Moreover, it is difficult to go a week on a college campus without hearing a racially derogatory remark made in a malicious rather than the more acceptable “humorous” manner. In a currently relevant example, the way in which Americans vote in the upcoming presidential elections may well highlight various preexisting racial prejudices among particularly the nation’s white and black racial demographics. Gaines’ defining novel then was thus a particularly appropriate read for me as a college student, as it helped me consider the implications of being part of a generation with both the opportunities and responsibilities that accompany living during a time with the best race relations in our 230 year history.

Lastly! And this was quite easily what was the most influential aspect of A Lesson Before Dying for your boy Prometheus. In my humble opinion (imho) it was the humanity that Gaines conveyed to the character of Jefferson as he awaited his death sentence. Although Jefferson is unrealistic in the sense that never in our judicial history have we intentionally condemned an innocent man to death, the fact that criminals face the same “waiting game” Jefferson did was eye-opening.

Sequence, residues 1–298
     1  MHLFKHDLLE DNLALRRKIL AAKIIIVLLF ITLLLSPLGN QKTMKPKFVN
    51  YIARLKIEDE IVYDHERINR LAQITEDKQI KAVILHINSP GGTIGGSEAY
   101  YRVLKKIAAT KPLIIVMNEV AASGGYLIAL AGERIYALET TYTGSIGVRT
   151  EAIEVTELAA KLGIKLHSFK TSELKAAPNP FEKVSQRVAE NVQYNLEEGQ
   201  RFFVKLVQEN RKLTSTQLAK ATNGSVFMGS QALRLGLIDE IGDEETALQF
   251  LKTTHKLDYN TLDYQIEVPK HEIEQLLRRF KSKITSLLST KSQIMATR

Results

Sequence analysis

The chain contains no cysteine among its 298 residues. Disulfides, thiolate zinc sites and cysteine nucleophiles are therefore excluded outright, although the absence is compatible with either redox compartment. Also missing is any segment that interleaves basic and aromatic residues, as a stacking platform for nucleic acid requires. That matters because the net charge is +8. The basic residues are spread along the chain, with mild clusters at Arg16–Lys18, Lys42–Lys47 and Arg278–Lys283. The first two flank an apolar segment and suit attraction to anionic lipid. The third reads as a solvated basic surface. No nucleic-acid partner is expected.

Despite his clout stemming from his prominence in the literary world, Gaines is known to be an impressively unassuming man. (If you think that’s an oxymoron, ya done.) Rather than using his fame as a platform to express his political views in press conferences and the like, Gaines resists the standard of egotistical Hollywood Liberals and remains characteristically humble. Case and point: In a literature forum, when asked whether he was against the death penalty, Gaines stood up, respectfully replied “yes,” and then sat back down. Pwned.

Gaines, in addition to having a last name that ends in an s (which makes it impossible to use his name in the possessive because I don't have a clue how to use apostrophes for names like that) uses his fiction to convey his ideas. The entirety of Chapter 29 for instance is Jefferson’s journal while incarcerated. For those who cry during Bambi, this chapter would certainly be classified as a tear jerker.*

This journal, all flippancy aside, truly exemplifies Gaines’ capability of being an emotionally gripping writer. At the end of the journal, Jefferson writes of the horror in the early morning of his execution day. The sleepless Jefferson notes as the sun begins to rise, “its quite quite an I can yer my teefs hittin. I can yer my hart.”

In conclusion, I would recommend reading A Lesson Before Dying if you are looking for something a little more serious than this review has been. It’s not an overly philosophical book; it concretely relates to “real life stuff.” It’s not exclusively about Jefferson and Mr. Wiggins; there are some other characters in there I figured I’d let surprise you. It’s not just about the Lesson; there are some subplots like a romance and a bar fight etc. (where some dude gets gged, no re’ed.) You evidently already have a good taste in what you read as is seen by the fact you’re reading our blog. Thus, as the virtuoso Gwen Stefani inquires of us all, “What are you waiting for chief?”

*The reviewer of this book in fact has not yet cried during Bambi.


1 comment: